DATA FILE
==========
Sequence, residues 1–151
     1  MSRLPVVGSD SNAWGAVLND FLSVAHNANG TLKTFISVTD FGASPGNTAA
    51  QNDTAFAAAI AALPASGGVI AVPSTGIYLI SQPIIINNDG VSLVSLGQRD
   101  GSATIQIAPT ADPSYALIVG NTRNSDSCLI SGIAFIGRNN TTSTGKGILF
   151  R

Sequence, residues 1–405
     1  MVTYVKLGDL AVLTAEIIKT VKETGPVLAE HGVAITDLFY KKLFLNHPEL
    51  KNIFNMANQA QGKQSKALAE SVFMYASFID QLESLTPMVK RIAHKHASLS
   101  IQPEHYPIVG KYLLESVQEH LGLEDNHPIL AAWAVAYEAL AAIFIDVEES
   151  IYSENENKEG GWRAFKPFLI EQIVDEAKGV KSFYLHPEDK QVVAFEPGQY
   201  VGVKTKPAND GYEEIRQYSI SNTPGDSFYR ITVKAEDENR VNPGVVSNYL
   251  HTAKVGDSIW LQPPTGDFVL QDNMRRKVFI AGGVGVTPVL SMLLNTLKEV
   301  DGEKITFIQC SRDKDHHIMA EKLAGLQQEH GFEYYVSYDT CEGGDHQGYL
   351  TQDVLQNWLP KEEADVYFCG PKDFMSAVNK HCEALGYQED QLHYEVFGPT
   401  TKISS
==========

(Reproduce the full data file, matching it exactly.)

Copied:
Sequence, residues 1–151
     1  MSRLPVVGSD SNAWGAVLND FLSVAHNANG TLKTFISVTD FGASPGNTAA
    51  QNDTAFAAAI AALPASGGVI AVPSTGIYLI SQPIIINNDG VSLVSLGQRD
   101  GSATIQIAPT ADPSYALIVG NTRNSDSCLI SGIAFIGRNN TTSTGKGILF
   151  R

Sequence, residues 1–405
     1  MVTYVKLGDL AVLTAEIIKT VKETGPVLAE HGVAITDLFY KKLFLNHPEL
    51  KNIFNMANQA QGKQSKALAE SVFMYASFID QLESLTPMVK RIAHKHASLS
   101  IQPEHYPIVG KYLLESVQEH LGLEDNHPIL AAWAVAYEAL AAIFIDVEES
   151  IYSENENKEG GWRAFKPFLI EQIVDEAKGV KSFYLHPEDK QVVAFEPGQY
   201  VGVKTKPAND GYEEIRQYSI SNTPGDSFYR ITVKAEDENR VNPGVVSNYL
   251  HTAKVGDSIW LQPPTGDFVL QDNMRRKVFI AGGVGVTPVL SMLLNTLKEV
   301  DGEKITFIQC SRDKDHHIMA EKLAGLQQEH GFEYYVSYDT CEGGDHQGYL
   351  TQDVLQNWLP KEEADVYFCG PKDFMSAVNK HCEALGYQED QLHYEVFGPT
   401  TKISS